A community of scholars
Dayona Nett has lived at Douthart Scholarship Hall for the past four years. A senior from Kingman, Kan., she serves as treasurer of the hall, cooks lunch once a week for her fellow residents (she calls them some of the “coolest women” she’s ever met) and leads the scholarship hall community as president of the All-Scholarship Hall Council.
“There are a lot of great benefits to living in the scholarship hall community,” she says. “It’s a really great location, and it’s a very close-knit community. After a month of moving to a scholarship hall, you probably know people in every single hall.”
An unusual arrangement
KU’s “schol halls” provide cooperative housing in small groups. About 50 students live in each hall, all located directly east of the main campus. Students govern themselves, overseeing the rules and ways of life in the halls as proctors and food board managers. Each has a president, treasurer and other officers. Graduate students studying student affairs or higher education serve as scholarship hall directors.
“When people tell me stories of life in the scholarship halls,” said Diana Robertson, director of student housing, “a lot has to do with cooking and the interdependency on each other.”
Nearly every aspect of schol hall life revolves around interdependency — residents take turns cooking three meals a day, clean the hall, and organize social and community service events. Each meal is a sit-down affair with all housemates who can make it. Since many students have hectic schedules, the kitchens are open to residents 24 hours a day.
In return, their cost of living is lower than if they lived in a residence hall — they save up to $1,600 per year. Because of the halls’ popularity, residents must meet some scholarly requirements. Prospective residents must write two essays. Residents read the essays, and incoming residents are placed in halls based on their preferences and assigned scores of their essays. To stay on, residents must pass at least 28 credit hours in the fall and spring semesters and maintain at least a 2.5 GPA (residents average a 3.3 GPA).
A memorable experience
“Scholarship hall students develop a deep and lifelong affection for the university,” Margaret Battenfeld Hashinger, who funded Battenfeld Hall, said in 1974. It’s still true. Schol hall residents join a genuine community, and it can be life-changing.
“For me, the scholarship halls are more than just a place to live — they are a family tradition,” said Stephen “Sai” Folmsbee, the first president of Krehbiel Hall.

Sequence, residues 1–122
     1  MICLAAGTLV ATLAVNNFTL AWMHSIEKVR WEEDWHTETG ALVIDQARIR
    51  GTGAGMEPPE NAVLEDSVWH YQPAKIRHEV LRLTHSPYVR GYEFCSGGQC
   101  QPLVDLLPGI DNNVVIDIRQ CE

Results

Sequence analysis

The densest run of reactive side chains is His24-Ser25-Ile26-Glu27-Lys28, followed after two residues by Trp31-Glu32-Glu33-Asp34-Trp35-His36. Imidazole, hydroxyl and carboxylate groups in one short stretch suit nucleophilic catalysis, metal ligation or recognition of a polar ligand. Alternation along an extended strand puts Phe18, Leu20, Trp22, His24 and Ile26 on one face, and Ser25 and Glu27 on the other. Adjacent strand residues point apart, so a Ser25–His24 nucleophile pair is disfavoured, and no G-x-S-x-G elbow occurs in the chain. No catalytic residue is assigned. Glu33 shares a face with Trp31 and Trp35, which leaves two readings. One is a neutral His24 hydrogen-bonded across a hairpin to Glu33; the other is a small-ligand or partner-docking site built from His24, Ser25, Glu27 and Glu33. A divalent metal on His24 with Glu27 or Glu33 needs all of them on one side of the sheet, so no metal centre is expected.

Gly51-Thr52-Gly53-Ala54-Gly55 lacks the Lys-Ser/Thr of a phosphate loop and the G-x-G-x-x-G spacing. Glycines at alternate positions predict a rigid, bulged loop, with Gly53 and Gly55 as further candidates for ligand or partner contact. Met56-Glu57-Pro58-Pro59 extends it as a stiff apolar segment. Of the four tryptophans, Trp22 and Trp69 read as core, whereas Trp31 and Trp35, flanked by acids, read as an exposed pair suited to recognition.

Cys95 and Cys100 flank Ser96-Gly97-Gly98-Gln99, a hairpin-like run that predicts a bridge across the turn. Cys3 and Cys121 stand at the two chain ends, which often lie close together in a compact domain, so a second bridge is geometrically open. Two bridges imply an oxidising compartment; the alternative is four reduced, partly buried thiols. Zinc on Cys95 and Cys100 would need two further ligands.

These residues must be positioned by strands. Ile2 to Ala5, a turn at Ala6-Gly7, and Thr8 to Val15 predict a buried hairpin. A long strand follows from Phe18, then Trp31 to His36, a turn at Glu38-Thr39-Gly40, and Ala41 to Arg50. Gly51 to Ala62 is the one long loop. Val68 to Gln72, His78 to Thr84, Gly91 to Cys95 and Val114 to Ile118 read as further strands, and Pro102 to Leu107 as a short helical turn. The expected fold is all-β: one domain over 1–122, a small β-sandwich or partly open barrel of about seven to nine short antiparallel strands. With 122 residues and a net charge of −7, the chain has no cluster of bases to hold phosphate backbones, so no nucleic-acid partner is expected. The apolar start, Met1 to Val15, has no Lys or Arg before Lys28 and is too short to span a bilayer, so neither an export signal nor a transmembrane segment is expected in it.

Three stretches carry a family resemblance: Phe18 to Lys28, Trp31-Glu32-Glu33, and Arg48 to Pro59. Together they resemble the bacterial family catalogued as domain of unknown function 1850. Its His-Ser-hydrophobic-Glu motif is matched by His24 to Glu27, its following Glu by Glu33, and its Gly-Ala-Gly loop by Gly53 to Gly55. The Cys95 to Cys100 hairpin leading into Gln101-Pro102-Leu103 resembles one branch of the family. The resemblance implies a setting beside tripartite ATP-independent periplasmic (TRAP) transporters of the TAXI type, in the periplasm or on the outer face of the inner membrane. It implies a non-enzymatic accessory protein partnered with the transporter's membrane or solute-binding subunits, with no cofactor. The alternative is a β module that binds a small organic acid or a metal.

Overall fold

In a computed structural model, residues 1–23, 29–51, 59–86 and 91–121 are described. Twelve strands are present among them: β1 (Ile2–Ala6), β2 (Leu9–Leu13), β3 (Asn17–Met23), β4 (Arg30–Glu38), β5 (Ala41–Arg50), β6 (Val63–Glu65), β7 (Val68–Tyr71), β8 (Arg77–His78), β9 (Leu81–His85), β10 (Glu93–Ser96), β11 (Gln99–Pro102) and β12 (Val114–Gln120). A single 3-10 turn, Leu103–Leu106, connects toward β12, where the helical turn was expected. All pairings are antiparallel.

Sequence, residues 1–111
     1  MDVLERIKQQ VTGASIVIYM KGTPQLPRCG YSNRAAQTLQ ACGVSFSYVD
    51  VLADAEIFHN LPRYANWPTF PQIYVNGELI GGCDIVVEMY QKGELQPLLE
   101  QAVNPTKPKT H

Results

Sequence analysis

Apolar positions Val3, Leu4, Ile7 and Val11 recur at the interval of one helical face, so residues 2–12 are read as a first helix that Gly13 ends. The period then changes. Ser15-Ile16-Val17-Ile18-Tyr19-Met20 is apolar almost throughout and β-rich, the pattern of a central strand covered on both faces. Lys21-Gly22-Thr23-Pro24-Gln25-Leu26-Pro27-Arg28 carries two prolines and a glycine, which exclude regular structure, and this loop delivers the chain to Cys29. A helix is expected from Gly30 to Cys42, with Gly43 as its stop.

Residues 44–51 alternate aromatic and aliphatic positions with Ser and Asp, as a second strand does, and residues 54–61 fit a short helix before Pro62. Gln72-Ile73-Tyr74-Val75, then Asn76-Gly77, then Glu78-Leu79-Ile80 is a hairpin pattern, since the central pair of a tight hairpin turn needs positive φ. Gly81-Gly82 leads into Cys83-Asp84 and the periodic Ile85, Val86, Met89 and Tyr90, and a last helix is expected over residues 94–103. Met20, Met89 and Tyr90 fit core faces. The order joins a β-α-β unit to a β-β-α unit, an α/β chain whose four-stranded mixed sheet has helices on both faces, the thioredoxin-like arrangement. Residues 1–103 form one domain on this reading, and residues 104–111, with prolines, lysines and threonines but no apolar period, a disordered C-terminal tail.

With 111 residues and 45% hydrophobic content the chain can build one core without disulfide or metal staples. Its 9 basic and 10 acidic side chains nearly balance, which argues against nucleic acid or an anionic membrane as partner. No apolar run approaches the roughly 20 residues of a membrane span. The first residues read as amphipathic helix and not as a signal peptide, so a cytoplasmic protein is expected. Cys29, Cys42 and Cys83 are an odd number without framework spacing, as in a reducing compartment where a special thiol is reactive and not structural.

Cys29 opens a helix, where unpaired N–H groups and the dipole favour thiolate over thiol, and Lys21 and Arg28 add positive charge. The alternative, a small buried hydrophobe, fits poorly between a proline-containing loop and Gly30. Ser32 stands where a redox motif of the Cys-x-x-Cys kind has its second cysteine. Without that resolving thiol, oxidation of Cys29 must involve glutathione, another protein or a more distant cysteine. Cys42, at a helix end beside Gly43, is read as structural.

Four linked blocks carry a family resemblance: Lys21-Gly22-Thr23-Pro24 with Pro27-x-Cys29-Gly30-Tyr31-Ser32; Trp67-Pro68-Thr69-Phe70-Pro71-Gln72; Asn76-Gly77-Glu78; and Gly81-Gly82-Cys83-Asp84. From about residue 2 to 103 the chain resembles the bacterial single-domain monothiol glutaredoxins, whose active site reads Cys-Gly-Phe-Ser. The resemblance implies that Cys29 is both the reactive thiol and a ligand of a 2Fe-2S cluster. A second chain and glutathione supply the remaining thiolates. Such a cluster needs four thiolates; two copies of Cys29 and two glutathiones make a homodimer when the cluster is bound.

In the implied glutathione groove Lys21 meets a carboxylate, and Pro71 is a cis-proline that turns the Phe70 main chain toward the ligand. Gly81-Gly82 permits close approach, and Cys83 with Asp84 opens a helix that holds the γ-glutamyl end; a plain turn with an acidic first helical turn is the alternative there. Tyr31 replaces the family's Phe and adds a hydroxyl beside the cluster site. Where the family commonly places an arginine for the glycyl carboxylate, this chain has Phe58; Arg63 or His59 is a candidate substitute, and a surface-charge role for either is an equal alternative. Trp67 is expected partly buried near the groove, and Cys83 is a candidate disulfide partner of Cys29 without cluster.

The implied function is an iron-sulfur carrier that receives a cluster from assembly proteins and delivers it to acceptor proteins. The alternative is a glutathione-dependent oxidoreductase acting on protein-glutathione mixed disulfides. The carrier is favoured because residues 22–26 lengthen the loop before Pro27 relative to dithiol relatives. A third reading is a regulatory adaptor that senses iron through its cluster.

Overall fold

The experience has led to growth of the scholarship hall community — several of the newer halls were funded by alumni of older scholarship halls who wanted to contribute to the community that had made their time at KU so exceptional.
KU’s first Iranian student, K.K. Amini, lived in Battenfeld Hall in the mid-1940s and met his wife, Margaret, when she wrote a story about him for The University Daily Kansan. Years later, the couple funded K.K. Amini Scholarship Hall. “All I can say is, this is my American dream,” K.K. said at the dedication of the hall. The couple also funded Margaret Amini Hall, an architectural twin of the first.
Annette and Roger Rieger, alumni of Douthart and Battenfeld, funded Rieger Hall in memory of Roger’s late brother Dennis. And when Karl Krehbiel funded Krehbiel Hall in honor of his parents, he explained, “I had a great experience living in Stephenson Scholarship Hall when I was a student.”
The nearly 600 residents of the schol halls hear about the halls’ history every year. They honor their halls’ namesakes in various ways. The women of Douthart Hall call themselves “Douthartians,” and residents of Stephenson Hall, named for Lyle Stephenson, call themselves “Lylemen.” Battenfeld Hall residents award scholarships each year to residents who display notable leadership or contribute in outstanding ways to the hall.
When Elizabeth Watkins funded the first scholarship hall, she wasn’t entirely sure of the idea. The experiment has turned out well, and continues with good result. “The scholarship halls are one of KU’s greatest gems,” Robertson said. “Some schools may have only one, and here it’s a whole community that is very rich in tradition.”